That's one of the particularly ripe aspects of prescriptivism. It claims to admire great writers, but if the usage of such writers disagrees with prescriptivist rules, it disses the evidence by claiming either that it knows better than these writers on those points, or that great writers "know when to break the rules".
posted by raygirvan at 3:25 AM on February 1, 2012 [1 favorite]


French, for example, has a widely taught and understood notion of register.

And English doesn't? Please instruct your audience further in the mysteries of French. You seem very well informed for a person who doesn't speak, write, or read French. And who has never taught English.
posted by Wolof at 4:01 AM on February 1, 2012


> I'd say I'm about 80% descriptivist, and 20% prescriptivist. I mean, there have to be some hard and fast rules, or else the primary purpose of language--communication--is defeated.

But think about those languages—the vast majority—that have never been written down, or only by the occasional linguist/anthropologist; how do you suppose their speakers manage to communicate without "hard and fast rules"? And what about people five hundred years ago, before grammar books for vernacular languages had been invented: didn't Shakespeare manage to communicate pretty well, and all the other people of the day who managed to sell their crops, buy beer, and arrange marriages without benefit of Strunk and White or spelling rules? The whole obsession with "grammar" (in the peever sense) and "correctness" is a very modern one, and (as I've said many times before) the clearly counterfactual pretense that it's necessary for communication is a fig leaf to cover up its true value, which is that of preserving the elitist structure of society. Making sure that people can speak and write "correctly" serves the same function as making sure they knew Latin in an earlier era, and I don't like it one bit.

Which is not to say I don't appreciate the pleasure to be had in manipulating the traditional rules; you will notice I write according to them, and I make my living from them as well (I'm a copyeditor). But language in general? It don't mean a thing if it ain't got that swing.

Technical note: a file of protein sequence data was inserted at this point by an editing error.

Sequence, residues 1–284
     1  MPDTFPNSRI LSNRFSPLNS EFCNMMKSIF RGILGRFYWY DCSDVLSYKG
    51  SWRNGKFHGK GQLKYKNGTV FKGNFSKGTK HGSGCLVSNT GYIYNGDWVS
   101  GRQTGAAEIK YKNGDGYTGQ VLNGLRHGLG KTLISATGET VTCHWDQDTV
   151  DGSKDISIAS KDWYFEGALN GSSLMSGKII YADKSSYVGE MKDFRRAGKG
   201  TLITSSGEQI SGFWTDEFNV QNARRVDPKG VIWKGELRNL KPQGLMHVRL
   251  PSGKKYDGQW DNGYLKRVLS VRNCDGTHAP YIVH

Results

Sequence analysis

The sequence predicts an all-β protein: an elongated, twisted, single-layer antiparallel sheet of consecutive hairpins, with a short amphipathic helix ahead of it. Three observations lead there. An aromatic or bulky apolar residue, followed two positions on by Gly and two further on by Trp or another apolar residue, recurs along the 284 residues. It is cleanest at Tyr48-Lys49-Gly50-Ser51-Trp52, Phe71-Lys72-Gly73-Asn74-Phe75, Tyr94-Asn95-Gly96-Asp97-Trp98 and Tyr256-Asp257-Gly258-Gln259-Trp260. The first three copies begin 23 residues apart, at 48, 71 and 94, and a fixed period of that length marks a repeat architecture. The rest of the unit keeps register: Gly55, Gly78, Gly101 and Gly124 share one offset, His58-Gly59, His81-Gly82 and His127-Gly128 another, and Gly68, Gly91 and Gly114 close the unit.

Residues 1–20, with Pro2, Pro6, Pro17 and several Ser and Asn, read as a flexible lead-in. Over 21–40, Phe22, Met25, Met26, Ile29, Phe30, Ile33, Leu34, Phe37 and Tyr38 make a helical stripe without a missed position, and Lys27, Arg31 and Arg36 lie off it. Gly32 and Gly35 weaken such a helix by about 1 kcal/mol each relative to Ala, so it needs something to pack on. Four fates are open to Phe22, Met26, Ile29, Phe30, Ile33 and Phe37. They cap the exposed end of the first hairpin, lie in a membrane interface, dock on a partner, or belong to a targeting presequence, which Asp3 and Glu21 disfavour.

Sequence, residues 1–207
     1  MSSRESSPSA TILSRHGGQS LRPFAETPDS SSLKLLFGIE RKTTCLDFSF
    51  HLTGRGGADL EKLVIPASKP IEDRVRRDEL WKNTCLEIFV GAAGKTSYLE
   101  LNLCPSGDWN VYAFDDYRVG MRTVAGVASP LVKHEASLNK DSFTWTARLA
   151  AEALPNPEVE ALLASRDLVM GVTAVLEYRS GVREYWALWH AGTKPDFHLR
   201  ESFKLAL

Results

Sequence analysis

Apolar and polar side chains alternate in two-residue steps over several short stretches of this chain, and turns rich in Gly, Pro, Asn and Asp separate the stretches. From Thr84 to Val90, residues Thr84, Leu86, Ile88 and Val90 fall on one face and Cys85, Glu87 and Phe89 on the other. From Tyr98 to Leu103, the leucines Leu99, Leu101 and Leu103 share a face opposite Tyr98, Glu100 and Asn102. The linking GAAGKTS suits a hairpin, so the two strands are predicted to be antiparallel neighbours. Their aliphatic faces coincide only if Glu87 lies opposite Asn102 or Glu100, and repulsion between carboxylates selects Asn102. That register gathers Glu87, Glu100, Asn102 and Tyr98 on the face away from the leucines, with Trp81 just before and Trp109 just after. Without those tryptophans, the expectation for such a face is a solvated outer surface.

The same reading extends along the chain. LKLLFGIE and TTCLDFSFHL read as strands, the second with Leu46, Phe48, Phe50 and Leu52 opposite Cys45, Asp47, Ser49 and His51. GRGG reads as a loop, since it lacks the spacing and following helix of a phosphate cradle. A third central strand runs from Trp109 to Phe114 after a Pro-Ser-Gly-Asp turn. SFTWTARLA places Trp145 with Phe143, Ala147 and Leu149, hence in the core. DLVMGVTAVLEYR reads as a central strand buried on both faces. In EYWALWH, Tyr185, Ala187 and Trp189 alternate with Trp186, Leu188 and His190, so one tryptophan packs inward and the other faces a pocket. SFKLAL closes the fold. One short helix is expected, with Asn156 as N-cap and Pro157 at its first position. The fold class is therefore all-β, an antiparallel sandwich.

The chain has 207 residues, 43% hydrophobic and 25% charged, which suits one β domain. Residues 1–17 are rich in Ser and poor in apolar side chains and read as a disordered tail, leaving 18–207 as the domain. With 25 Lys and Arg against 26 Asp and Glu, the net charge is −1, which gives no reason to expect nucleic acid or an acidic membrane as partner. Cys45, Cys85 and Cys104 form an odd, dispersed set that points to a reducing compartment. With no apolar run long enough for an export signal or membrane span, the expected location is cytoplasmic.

posted by languagehat at 7:28 AM on February 1, 2012


"You seem very well informed for a person who doesn't speak, write, or read French. And who has never taught English."

You seem to think you know me, when you clearly don't, and it's odd.
posted by Ivan Fyodorovich at 7:33 AM on February 1, 2012 [3 favorites]


To you. By no means is this true of all English speakers. Indeed, lose/loose is a dialectical test, one of many, of course.

Wait, really? I'm at least vaguely familiar with a lot of accents/dialects and I don't think I've ever heard of one where those two words were pronounced the same. I honestly would like to know more about it, if you have some sources. (Not trying to be snarky, genuinely curious.)
posted by kmz at 7:39 AM on February 1, 2012


Why is "jewelry" sometimes spelled as "jewellery"?
posted by grammiD at 7:41 AM on February 1, 2012


Why is "jewelry" sometimes spelled as "jewellery"?

Racism.
posted by Edison Carter at 7:45 AM on February 1, 2012 [2 favorites]


My theory:

There is no prescriptivism. There is no descriptivism. These words don't describe mutually exclusive opposed positions. If you try to define them rigorously you will not be able to cleanly distinguish them. I think we owe their vernacular ubiquity to the success of Language Log (note that I'm not claiming LL invented them).

"Prescriptivism" in particular is a kind of culture-war tag for a certain family of popular, non-professional language criticism, like "Eats Shoots and Leaves" or "The Elements of Style." These works are often pedantic, and they often include stylistic pronouncements based on usage errors or false generalizations. Furthermore they often include a more-or-less explicit social conservatism (language was better in the good old days; it is okay to criticize poor people for deviating from Standard English). So the fit isn't one-to-one, but I think it makes sense to think of "prescriptivism" as a label for a family of populist linguistic-conservate rhetoric.

If you are a blogger and linguist, then, you have at least three independent reasons to come out against "prescriptivism":
1) Its practitioners are wrong on usage points.